Hives, also called urticaria, are itchy, red raised welts. They range in size, can disappear and reappear at random, and usually last from a few minutes up to a few days. In rare cases they may become chronic. Hives are not contagious. They are usually caused by an allergic reaction to things such as medicine, food, pets, or insect bites. Infection or exposure to heat or cold may also cause hives. In many cases, no cause can be found.
- Avoid exposures known to cause you to develop hives
- Develop an allergy action plan with your medical provider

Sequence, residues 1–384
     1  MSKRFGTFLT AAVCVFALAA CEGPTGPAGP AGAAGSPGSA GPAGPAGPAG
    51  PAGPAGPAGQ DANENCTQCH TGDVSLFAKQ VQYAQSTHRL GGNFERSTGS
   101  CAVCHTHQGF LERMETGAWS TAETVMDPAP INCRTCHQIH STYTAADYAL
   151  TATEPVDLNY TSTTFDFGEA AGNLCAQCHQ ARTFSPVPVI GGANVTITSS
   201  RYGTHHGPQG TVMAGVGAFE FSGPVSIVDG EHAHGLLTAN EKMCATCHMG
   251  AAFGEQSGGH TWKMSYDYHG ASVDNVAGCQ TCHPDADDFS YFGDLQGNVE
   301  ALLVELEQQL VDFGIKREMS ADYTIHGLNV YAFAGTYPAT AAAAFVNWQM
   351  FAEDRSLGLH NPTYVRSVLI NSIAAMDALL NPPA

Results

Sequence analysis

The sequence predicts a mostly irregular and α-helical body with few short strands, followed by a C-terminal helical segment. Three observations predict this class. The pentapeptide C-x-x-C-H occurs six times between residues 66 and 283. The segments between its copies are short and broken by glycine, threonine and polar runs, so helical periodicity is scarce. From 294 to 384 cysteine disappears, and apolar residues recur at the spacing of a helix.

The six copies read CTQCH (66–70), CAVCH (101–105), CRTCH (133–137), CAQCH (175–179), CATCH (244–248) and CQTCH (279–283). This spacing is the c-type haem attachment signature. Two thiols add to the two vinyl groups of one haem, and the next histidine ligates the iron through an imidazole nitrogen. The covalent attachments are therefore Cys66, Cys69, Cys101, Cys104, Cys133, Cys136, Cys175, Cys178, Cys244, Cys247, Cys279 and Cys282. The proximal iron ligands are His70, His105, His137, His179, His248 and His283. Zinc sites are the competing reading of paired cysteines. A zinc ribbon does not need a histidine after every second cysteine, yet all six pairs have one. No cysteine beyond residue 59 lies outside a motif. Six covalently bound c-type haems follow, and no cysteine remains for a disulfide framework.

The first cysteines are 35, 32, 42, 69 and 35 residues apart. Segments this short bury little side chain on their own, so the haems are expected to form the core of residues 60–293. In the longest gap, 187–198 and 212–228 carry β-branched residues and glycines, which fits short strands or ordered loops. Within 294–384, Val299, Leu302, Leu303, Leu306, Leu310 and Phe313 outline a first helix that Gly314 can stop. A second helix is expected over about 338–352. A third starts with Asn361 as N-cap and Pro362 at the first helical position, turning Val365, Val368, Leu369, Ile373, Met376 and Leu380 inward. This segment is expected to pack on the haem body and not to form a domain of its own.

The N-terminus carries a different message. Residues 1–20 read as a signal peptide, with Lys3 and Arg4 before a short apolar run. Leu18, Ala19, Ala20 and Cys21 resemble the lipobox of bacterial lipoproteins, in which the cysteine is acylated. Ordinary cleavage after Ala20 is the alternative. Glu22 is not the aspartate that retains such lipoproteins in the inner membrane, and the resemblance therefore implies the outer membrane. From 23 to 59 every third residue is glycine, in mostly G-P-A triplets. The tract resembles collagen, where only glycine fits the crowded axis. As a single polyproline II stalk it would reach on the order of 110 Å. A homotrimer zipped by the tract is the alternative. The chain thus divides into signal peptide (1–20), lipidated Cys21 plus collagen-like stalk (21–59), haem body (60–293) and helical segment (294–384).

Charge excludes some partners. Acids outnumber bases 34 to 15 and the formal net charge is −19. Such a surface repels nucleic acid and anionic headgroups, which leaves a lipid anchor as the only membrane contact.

- Take cool water baths or oatmeal baths to reduce itching
- Avoid rubbing or scratching hives, as this can release more histamine (the substance in the blood that causes hives)
- Take an oral antihistamine such as Benadryl® or Chlor-Trimeton per package instructions. Be aware that these medicines are sedating.
Seek immediate medication attention if:
- You develop difficulty breathing, wheezing, chest pain, or swelling of the face, lips, and tongue
- Your hives persist more than 48 hours despite home treatment
- You develop hives after starting any new medication